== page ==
When an actress can establish herself as a sex icon, this status combined with decent acting skill makes for an easily successful career, for a time. The trouble is, however, how that star maintains her box-office draw and studio prowess when her good looks start to age. Rita Hayworth is one such example. She played many sweet, pretty parts before making a smash as the title character in Gilda and spending a portion of her career playing similar roles. She was a fine performer, but studios did not care much as the woman got older. A busy career that started in the 1930s petered out in the ’60′s and she was certainly showing physical maturity in ’61′s The Happy Thieves.
Hayworth nevertheless holds her own in the unfortunately dull story of a trio of art thieves who find themselves coerced into a more difficult theft. At the opening, Hayworth’s Eve waits outside a castle as skilled thief Jim (Rex Harrison) purloins a Velázquez painting from his host’s home and replaces it with a forgery, created by artist Jean Marie (Joseph Wiseman). Eve then smuggles the real painting into Paris but discovers it missing when she reunites with Jim. The stolen art was restolen by a Dr. Munoz (Grégoire Aslan) who also has a photo of Jim conducting the original theft. Munoz blackmails the group into stealing a Goya from a museum.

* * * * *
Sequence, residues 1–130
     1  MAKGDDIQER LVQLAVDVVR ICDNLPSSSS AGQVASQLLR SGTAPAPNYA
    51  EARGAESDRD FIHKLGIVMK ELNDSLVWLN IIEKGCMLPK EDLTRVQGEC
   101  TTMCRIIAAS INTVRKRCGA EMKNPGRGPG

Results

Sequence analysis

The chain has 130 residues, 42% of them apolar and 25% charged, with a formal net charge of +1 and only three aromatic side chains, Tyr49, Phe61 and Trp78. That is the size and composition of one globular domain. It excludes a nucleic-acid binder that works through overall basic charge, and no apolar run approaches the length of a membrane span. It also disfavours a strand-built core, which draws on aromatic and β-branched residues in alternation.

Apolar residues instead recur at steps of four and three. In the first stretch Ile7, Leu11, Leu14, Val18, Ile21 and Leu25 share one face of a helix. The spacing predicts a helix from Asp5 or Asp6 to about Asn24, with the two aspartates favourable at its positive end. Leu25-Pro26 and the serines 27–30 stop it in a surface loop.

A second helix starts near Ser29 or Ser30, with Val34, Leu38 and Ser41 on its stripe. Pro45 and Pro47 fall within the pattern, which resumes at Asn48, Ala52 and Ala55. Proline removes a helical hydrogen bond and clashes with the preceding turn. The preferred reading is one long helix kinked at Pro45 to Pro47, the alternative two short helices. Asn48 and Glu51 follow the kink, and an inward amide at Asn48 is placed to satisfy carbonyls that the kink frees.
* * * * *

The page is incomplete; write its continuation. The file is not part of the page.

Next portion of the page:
Although the actual theft of the Goya during open museum hours is conducted in a low-tech Mission Impossible-type manner, the crime is unfortunately accomplished in connection with the murder of a bullfighter and does not quite go off without a hitch. The group’s blackmailer also turns up dead and the authorities soon discover the forgery.
The Happy Thieves is appropriately titled as it certainly is a light-hearted crime plot. The story, however, is a bit of a snooze. None of the characters comes off as particularly sympathetic with the soft-spoken Eve standing out as the most innocent of the criminals. Hayworth’s character does not really fit the mold of a thief, but that is part of why she is effective in her smuggling role. Harrison, meanwhile, is a lacking love interest for Hayworth as the romance between the two is minimal despite the man’s plan to land a big enough score for the two to live on indefinitely together.
Alida Valli also makes an appearance as a duchess who plans to marry the murdered bull fighter and gets her own revenge. Despite the decent cast, The Happy Thieves leaves me with nothing to take away as making the flick worth watching. It is not particularly unique in its plot and offers no stand-out performances.